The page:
Working-level talks between Pyongyang and Washington are expected to come in November or early December at the latest, the South's National Intelligence Service (NIS) said Monday in a parliamentary inspection, according to ruling and opposition party legislators who attended the closed session at NIS headquarters in southern Seoul.
Talks between Kim and Trump in Vietnam in February broke down without an agreement. However, Trump surprised the world with a historic rendezvous with Kim on June 30 and became the first U.S. head of state to step onto the soil of North Korea in the truce village of Panmunjom, a symbol of division and Cold-War confrontation.
Trump has advocated a "big deal" under which North Korea would dismantle all of its nuclear arsenal and related facilities in exchange for the removal of sanctions. Kim has called for gradual steps as North Korea regards Washington's security guarantee as more important to ensure the survival of the regime.
Pyongyang condemned a "trite" U.S. attitude as the cause of a failed deal in nuclear talks in Stockholm on October 5 and refused to sit down for fresh dialogue until Washington takes a substantial step to make the complete and irreversible withdrawal of its hostile policy. Kim has threatened to take a different path, urging Washington to come up with a "fair" and "mutually acceptable" deal by the end of this year.
North Korea is expected to test a submarine-launched ballistic missile (SLBM) if it completes the construction of a new submarine with an overall width of about seven meters and the full length of about 80 meters at Sinpo, a port city in central South Hamgyong province, the spy agency said, adding construction was in the final stage.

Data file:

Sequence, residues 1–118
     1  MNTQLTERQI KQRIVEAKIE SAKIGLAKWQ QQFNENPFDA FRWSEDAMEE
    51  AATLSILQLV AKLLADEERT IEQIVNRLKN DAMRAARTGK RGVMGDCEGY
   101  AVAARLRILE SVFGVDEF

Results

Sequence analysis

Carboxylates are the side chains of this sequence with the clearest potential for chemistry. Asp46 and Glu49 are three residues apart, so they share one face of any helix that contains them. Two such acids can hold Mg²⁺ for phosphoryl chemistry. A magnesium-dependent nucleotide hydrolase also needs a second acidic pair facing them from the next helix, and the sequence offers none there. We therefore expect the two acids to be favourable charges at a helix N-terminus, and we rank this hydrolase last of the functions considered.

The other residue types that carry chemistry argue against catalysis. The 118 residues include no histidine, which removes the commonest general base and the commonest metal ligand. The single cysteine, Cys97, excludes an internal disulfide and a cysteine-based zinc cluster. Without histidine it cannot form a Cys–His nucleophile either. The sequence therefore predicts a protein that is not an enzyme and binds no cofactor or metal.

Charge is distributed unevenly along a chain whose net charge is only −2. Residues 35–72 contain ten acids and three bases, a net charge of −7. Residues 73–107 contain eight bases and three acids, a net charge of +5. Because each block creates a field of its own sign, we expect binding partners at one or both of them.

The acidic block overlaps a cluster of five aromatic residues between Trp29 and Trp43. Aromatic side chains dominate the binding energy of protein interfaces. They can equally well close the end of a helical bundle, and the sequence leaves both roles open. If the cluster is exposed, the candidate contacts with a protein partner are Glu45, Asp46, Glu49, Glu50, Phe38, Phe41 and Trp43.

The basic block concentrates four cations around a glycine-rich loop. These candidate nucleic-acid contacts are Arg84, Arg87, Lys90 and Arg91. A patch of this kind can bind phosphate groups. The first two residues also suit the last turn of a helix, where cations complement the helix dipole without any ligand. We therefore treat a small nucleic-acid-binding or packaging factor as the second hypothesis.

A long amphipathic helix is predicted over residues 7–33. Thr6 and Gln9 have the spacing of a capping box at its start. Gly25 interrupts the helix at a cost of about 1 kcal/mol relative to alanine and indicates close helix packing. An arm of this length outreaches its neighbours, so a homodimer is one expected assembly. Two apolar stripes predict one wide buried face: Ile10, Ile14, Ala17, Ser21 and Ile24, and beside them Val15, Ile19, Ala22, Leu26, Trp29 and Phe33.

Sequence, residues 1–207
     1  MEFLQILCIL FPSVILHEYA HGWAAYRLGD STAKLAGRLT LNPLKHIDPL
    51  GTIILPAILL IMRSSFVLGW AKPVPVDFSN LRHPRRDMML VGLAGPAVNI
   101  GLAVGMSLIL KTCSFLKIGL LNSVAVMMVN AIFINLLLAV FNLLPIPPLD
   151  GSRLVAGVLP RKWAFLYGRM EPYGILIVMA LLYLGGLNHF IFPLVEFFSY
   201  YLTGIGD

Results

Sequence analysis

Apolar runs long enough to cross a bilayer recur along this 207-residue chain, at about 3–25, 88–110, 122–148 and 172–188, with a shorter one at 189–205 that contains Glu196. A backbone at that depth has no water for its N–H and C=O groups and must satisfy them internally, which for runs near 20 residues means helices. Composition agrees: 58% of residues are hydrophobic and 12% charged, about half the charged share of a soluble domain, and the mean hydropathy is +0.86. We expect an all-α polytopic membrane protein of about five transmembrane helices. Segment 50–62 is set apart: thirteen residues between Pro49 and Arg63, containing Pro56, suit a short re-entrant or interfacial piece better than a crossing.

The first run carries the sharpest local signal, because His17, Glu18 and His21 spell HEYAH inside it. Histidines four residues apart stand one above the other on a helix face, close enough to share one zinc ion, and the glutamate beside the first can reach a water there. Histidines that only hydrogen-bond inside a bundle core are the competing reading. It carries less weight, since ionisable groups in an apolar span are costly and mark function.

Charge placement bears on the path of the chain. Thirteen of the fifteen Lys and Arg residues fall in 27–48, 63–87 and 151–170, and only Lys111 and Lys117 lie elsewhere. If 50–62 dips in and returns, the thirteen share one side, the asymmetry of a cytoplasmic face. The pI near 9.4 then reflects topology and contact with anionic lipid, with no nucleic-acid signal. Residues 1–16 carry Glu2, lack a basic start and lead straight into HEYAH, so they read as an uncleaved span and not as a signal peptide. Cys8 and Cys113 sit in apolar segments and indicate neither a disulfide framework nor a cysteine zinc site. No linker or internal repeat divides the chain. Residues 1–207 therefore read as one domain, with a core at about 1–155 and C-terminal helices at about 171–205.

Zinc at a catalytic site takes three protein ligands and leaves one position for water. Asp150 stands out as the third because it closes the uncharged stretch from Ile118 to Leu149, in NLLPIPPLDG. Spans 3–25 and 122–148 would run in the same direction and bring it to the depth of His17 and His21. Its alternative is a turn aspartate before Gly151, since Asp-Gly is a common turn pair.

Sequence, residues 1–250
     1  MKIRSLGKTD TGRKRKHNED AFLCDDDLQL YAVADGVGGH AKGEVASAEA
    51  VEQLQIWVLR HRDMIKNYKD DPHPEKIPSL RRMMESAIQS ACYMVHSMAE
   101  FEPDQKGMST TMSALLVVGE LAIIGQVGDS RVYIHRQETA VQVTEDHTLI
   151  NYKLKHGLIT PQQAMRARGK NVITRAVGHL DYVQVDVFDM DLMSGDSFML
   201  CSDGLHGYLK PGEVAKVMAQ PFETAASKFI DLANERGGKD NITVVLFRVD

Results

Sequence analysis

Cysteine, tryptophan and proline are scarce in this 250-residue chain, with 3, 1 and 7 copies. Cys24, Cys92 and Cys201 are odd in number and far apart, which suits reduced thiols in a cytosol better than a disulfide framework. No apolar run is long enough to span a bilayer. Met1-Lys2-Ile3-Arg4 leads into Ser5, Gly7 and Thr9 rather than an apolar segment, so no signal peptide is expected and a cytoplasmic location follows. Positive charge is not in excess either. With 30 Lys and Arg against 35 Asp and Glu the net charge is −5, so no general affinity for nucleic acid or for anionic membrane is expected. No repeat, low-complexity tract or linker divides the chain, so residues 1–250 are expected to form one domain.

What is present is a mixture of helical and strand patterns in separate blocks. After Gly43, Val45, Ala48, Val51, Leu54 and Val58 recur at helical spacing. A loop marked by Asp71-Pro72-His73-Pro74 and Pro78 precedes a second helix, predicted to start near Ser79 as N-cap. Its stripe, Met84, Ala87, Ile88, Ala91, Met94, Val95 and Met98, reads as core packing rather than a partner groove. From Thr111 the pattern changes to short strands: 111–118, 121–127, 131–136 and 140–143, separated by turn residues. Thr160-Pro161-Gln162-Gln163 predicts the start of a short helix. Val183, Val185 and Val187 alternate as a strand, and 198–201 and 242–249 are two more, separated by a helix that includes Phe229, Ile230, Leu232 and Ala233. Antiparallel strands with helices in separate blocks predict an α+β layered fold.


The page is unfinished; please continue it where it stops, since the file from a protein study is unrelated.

Pyongyang's state media released pictures on July 23 that showed Kim inspecting a new submarine at an unspecified location. South Korea's defense ministry said that North Korea appears to be building a new submarine capable of carrying three SLBMs by upgrading its Sinpo-class submarine.
North Korea claimed to have successfully tested a new-type SLBM called Pukguksong-3 on October 2, saying it scientifically and technically confirmed "key tactical and technical indexes" of the newly-designed missile.
Specifications and other information were not given, but the Pukguksong-3 represents "another step forward" in North Korea’s pursuit of a sea-based deterrent force," Michael Elleman, a missile expert at the International Institute for Strategic Studies (IISS), said earlier in an article published by 38 North, the website of a U.S. think tank.
North Korea tested its first SLMB called Pukguksong-1 (KN-11) on April 23, 2016, but it flew about 30 kilometers. The second one tested four months later traveled about 500 km. Pukguksong-3 has a substantially shortened and blunted nose cone, which was likely adopted to fit the missile into a submarine-launch tube, Elleman said.
North Korea's long-range ballistic missile program, coupled with the development of SLBMs, has been a prime security concern in Seoul and Washington, though US experts believe Pyongyang is still years away from the operational deployment of an SLBM submarine carrying ballistic missile for wartime missions.
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